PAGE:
How did Buddy Baker become Animal Man in the New 52? Take a little of this, a little of that and shake it up with a little something new and you’ve got Animal Man #0. Read on.

WRITER: JEFF LEMIRE
ARTIST: STEVE PUGH
LETTERER: JARED K. FLETCHER
COLORIST:  LOVERN KINDZIERSKI
COVER: STEVE PUGH, LOVERN KINDZIERSKI
EDITOR: JOE CAVALIERI
PUBLISHER: DC
COVER PRICE: $2.99

PREVIOUSLY: Before he became Animal Man, Buddy Baker was just an affable, struggling actor with a wife and son.

REVAMPING A REVAMP’S REVAMP

Poachers scatter for their lives as ANIMAL MAN, determined defender of the life web, races after them intent on meting out a fierce punishment for their transgressions against The Red. Just one problem, though: This guy ain’t Buddy Baker. In fact, thanks to some very unnecessary goggles and an unfortunately placed parrot, he looks a lot like Koko B. Ware; turns out he’s Buddy’s immediate predecessor. Set in that magical time of “Five Years Ago,” which I imagine will be the case in most of these New 52 Zero Issues, this story gives us the revamped origin of Buddy Baker.

Arcane, agent of The Rot, is on the move; he traps and kills Buddy’s predecessor as a prelude to “the war” that’s coming, no doubt among The Rot, The Green and The Red. With its avatar defeated, The Red moves to create another Animal Man and, in the span of six months, aspiring actor Buddy’s life gets way more interesting.

Given the issue’s premise, the dialogue was necessarily expository, but Jeff Lemire does his usually excellent job of coating these explanations with an engaging patina, so we’re not left hurriedly flipping through the book just to be done with the set up.

After Buddy receives his powers there’s a two-page spread with newspaper headlines of his exploits that mention his activism, vegetarianism and an encounter with a chimp/monkey/ape, among other things. Maybe it’s just my own wishful thinking, but I choose to believe Lemire included this so super-fans like me could rationalize that a lot of Animal Man’s pre-New 52 continuity could be shoehorned into this compressed timeframe.

Throughout the character’s different incarnations, Animal Man’s origin has occupied both extremes of the weirdness continuum—from 1960s banal (spaceship blew up and the radiation gave him animal powers) to 1980s bizarre (Animal Man is literally the creation of an extra-dimensional Grant Morrison). Animal Man #0 gives us a beginning that’s somewhere between both extremes and, in this case, middle of the road is the place to be. In the new history of Buddy Baker, he’s been chosen as a kind of Animal Man pro-tem to fill the role until the true successor to the mantel can be born.  To keep him from going insane, The Red has translated this all into something he can understand: Aliens gave him the powers of a superhero.

FRIGHTS, CAMERA, ACTION!

I found the art serviceable, but except for a few instances it never reached the threshold of creepiness I’ve come to expect from “Animal Man.” Steve Pugh shines, though, in the scenes on the alien ship. Buddy’s transformation is pure body horror and the first time in the book where I sat up and took notice of the images, rather than simply letting them move me through the story.

The agents of The Rot were a particular letdown. Rather than frightening I found them to be kind of cheesy, especially Arcane, who looked like a poor man’s Crypt Keeper with as much visual menace as a demon from a late 80s “Hellblazer,” which is not much. The animamorphic representations of The Red were far creepier and one even gave off an unsettling Lovecraftian vibe.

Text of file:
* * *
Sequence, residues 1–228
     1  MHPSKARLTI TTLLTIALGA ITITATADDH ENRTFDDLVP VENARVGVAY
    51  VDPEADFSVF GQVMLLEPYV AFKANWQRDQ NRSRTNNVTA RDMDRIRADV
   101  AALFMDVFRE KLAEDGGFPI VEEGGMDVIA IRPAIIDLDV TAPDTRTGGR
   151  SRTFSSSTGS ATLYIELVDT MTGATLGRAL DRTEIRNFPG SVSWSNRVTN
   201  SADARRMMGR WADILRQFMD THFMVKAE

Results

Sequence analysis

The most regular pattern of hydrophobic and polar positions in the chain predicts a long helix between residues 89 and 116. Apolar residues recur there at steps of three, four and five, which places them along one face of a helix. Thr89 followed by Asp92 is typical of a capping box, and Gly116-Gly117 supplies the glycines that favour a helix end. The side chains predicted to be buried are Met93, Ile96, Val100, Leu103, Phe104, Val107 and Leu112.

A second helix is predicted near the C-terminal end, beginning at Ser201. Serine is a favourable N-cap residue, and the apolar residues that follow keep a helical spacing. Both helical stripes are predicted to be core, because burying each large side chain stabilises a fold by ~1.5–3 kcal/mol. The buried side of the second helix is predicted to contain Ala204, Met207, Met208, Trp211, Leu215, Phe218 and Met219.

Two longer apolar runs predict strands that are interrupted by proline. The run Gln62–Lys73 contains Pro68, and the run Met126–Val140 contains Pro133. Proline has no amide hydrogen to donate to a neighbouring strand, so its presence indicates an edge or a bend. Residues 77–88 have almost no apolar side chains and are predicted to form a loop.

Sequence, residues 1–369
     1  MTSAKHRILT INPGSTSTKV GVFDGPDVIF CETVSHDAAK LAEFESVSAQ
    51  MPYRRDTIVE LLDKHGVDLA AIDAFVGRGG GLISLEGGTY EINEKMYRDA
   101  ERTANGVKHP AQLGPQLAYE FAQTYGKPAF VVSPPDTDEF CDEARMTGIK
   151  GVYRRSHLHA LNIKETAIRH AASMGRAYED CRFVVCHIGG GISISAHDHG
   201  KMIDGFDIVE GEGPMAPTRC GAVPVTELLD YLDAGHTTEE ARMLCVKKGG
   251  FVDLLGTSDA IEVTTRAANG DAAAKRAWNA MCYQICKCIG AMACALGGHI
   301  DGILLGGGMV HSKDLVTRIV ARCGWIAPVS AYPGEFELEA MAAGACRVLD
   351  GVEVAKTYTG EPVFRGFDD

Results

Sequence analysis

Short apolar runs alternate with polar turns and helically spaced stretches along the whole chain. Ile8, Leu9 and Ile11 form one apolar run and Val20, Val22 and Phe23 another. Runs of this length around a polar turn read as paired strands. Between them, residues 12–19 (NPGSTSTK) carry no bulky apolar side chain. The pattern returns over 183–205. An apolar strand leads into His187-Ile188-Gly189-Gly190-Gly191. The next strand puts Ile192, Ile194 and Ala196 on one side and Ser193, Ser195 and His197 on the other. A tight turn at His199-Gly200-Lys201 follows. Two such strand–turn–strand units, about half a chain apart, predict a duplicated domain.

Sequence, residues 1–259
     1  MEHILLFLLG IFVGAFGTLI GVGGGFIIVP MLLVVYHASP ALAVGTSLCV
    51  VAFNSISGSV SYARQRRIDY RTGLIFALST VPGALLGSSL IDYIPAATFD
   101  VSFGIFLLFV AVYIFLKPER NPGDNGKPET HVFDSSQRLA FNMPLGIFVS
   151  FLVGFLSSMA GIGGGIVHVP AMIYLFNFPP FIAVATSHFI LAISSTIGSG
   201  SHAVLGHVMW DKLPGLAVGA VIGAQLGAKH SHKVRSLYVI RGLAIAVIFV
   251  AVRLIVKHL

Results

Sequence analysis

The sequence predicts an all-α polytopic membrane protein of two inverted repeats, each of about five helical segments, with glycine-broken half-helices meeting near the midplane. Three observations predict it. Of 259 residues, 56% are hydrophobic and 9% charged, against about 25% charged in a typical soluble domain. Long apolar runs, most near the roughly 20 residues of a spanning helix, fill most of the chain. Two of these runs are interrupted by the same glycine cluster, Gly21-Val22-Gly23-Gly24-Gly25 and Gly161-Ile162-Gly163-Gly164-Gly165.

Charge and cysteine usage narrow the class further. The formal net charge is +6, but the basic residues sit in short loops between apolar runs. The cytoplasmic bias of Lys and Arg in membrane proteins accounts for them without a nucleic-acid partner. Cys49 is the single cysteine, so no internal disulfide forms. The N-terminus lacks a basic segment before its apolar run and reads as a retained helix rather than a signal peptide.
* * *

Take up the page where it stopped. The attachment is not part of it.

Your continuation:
The varied lettering styles were a nice way of conveying the inhumanity of particular speakers, but there was probably one or two too many typefaces used. With so many different styles, a visual trick intended to emphasize certain speech gets lost in a sea of fonts.

BOTTOM LINE: BELIEVE IT OR NOT, THE ISSUE WAS FAIR

Any time I write, talk or think about Animal Man it’s supremely easy for me to slide into unsupported hagiography because he’s my favorite part of the DC Universe, so I jumped into this issue with childish glee and hopes held high.

But I left a little disappointed.

There’s nothing technically wrong with the book: It’s a solid origin that reinvents the character without completely jettisoning what came before, though the art falls a little short in capturing feeling of “otherness” I’ve come to expect from the title. But, hey, we’re treated to a few panels of a “The Greatest American Hero” homage which alone earns it a bluebillion points of good will. Pick it up if you missed out getting in on “Animal Man” last year and need a good jumping-on point. Three and a half stars.

Rating: ★★★½☆

The Author

Brandon Dingess

Brandon Dingess

Brandon lives his life by the three guiding principals on which the universe is based: Neal Peart's lyrical infallibility, the superiority of the Latin language and freedom of speech. He's a comic book lover, newspaper journalist and amateur carpenter who's completely unashamed his wife caught him making full-sized wooden replicas of Klingon weaponry. Brandon enjoys the works of such literary luminaries as Thomas Jefferson, Jules Verne, Mark Twain and Matt Fraction. "Dolemite" is his favorite film, "The Immortal Iron Fist" is his all-time favorite comic and 2nd Edition is THE ONLY Dungeons and Dragons.

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2 Comments

  1. Ian
    September 10, 2012 at 7:06 pm — Reply

    Whatever happened to the Grey?

  2. September 10, 2012 at 8:23 pm — Reply

    My admittedly uninformed impression is that they’re using The Grey in “Earth 2” as the antithesis of The Green Flame. At least that’s what I figured from reading “Earth 2” No. 3.

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